In November last year, five amateur magicians in the UK decided to create the ultimate signed deck of cards to auction off for charity. The idea was to get together a complete deck of 52 red-backed poker-sized Bicycle playing cards, each one autographed by a magician. About 6000 e-mails later, they now have a full deck… and more. Signatures from across the world include: Penn & Teller, Lance Burton, Jay Sankey, Banachek, Martin Gardner, Ali Bongo, Mac King, Geoffrey Durham, Simon Lovell, Cyril, the Pendragons, Wayne Dobson, Michael Ammar, Nathan Kranzo, Roger Crosthwaite, etc. And James Randi, of course.

But there just weren't enough cards in a single deck, so there are also signed blanks and Jokers – even the “Poker Rules card” was signed!

All those involved owe a huge debt of gratitude to James Randi as well as Rich Ferguson from Official Poker Inc. Both not only signed cards themselves, but also hassled their magical friends to sign for us as well. Rich also sent us a boxed set of his DVDs to give away with the deck! I would also like to make a special mention to the originator of the idea, Graeme Smith, who has put in countless hours of work in order to bring this to fruition.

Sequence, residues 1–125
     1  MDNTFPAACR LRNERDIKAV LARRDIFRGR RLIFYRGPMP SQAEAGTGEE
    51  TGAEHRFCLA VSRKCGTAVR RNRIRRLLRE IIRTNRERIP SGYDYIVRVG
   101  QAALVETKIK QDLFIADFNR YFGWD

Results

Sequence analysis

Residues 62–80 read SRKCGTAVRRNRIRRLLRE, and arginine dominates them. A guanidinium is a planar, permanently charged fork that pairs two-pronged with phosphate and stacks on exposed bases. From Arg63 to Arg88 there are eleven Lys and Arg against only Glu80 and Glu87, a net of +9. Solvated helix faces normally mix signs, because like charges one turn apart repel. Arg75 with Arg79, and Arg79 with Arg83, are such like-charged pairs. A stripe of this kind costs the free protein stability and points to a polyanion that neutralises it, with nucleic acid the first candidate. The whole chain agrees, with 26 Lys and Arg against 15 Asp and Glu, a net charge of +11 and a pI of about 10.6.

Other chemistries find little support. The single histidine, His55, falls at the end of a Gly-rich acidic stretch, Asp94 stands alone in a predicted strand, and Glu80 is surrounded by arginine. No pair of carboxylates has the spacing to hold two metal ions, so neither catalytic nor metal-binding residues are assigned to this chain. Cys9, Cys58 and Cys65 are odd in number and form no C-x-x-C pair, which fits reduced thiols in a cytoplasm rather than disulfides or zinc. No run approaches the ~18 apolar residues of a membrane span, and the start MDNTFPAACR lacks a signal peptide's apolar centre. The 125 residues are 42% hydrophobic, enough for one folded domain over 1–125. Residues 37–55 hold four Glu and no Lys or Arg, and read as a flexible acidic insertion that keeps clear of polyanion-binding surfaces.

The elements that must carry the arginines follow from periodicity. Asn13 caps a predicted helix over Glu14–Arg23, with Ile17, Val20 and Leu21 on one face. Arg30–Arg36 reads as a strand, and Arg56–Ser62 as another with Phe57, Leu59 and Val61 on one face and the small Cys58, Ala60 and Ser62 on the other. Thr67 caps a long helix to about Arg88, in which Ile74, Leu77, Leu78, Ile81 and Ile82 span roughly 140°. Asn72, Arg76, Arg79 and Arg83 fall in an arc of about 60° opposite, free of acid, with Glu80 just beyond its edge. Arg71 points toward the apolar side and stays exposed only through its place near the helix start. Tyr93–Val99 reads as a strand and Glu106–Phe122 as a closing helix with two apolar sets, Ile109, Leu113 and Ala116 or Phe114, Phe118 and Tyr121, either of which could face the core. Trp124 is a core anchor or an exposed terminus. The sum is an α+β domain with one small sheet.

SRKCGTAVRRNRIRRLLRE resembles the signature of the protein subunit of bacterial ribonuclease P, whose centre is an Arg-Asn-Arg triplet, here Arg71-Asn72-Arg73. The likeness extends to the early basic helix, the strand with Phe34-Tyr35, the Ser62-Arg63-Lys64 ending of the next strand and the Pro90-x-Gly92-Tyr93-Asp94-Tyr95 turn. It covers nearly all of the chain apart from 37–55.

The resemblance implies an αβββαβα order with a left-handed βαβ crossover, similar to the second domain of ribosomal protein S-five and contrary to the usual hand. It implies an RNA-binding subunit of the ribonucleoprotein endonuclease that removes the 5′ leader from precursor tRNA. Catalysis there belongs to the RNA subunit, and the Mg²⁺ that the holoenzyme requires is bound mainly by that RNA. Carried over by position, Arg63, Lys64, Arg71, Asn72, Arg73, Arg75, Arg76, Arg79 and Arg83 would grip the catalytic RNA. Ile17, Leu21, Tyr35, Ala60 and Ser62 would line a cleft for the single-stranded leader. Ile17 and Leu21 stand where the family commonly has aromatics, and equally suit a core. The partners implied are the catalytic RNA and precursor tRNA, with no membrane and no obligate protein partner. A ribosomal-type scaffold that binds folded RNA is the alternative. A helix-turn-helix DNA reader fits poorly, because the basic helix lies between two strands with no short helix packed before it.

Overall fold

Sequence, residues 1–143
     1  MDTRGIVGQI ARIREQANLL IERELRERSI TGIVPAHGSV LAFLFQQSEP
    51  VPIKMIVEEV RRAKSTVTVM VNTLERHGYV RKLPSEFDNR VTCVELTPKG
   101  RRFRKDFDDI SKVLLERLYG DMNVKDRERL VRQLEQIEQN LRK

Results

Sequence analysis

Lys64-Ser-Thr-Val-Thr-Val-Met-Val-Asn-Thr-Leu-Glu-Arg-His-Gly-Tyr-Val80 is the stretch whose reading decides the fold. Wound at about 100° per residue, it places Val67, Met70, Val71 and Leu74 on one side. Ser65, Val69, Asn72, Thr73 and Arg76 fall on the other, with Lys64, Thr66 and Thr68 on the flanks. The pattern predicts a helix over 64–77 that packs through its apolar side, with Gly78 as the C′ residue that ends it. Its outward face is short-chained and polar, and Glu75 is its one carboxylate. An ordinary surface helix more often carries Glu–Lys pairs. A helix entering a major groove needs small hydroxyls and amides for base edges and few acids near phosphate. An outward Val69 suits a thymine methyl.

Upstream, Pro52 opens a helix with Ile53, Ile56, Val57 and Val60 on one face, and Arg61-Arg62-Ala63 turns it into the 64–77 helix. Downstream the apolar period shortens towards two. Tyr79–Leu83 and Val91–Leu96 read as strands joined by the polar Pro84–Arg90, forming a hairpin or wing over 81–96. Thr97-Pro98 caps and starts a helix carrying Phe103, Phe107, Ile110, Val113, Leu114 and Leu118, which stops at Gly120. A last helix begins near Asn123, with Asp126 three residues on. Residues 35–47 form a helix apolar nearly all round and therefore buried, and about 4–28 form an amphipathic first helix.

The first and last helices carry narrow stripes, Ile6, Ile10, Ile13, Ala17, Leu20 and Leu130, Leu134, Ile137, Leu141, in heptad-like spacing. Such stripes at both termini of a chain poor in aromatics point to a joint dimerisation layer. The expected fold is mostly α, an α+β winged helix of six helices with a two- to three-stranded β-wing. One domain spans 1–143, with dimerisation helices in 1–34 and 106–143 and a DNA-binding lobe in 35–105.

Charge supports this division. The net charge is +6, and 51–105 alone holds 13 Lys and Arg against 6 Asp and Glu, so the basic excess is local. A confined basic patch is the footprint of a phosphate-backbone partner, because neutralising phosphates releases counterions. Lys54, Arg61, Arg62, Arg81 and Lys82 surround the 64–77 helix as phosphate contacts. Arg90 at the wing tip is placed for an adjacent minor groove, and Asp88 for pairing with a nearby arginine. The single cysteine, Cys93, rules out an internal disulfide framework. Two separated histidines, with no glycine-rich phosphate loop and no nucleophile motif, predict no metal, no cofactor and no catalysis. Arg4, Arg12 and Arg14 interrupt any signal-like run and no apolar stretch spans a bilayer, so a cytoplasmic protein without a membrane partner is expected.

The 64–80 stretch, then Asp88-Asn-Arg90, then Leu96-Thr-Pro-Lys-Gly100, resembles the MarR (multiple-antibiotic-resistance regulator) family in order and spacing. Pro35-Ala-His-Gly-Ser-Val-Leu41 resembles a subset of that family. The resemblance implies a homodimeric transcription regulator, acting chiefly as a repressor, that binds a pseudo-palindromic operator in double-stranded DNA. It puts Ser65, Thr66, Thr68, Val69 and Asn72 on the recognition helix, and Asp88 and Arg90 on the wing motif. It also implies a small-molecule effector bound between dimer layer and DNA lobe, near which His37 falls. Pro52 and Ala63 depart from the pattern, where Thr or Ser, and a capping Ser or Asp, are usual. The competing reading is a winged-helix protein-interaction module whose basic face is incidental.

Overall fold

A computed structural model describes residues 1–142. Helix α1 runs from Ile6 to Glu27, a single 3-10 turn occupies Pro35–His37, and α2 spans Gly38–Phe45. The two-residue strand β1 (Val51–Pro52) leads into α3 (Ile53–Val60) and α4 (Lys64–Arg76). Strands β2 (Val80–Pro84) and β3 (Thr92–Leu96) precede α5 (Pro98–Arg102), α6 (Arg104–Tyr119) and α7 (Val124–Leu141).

The auction is due to start on eBay on July 11th and will run for 10 days, finishing on Saturday July 21st. Full details of the whole collection can be found at billymccoy.co.uk EVERY penny raised is going to the Make-A-Wish Foundation to help provide magical experiences for children with life-threatening illnesses.

Our distinct pleasure, Tony, to assist a good cause…!




A QUACK WORKSHOP

Reader Tim Williams, in Ardrishaig, Scotland, writes:

…I attended a seminar arranged and paid for by my (Government) employer. The seminar was entitled “Lifestyle Management” and was pitched as, “A workshop to introduce you to a variety of options you can choose from which will help you to achieve a better work-life balance and reduce the risk of suffering from stress-related illness.”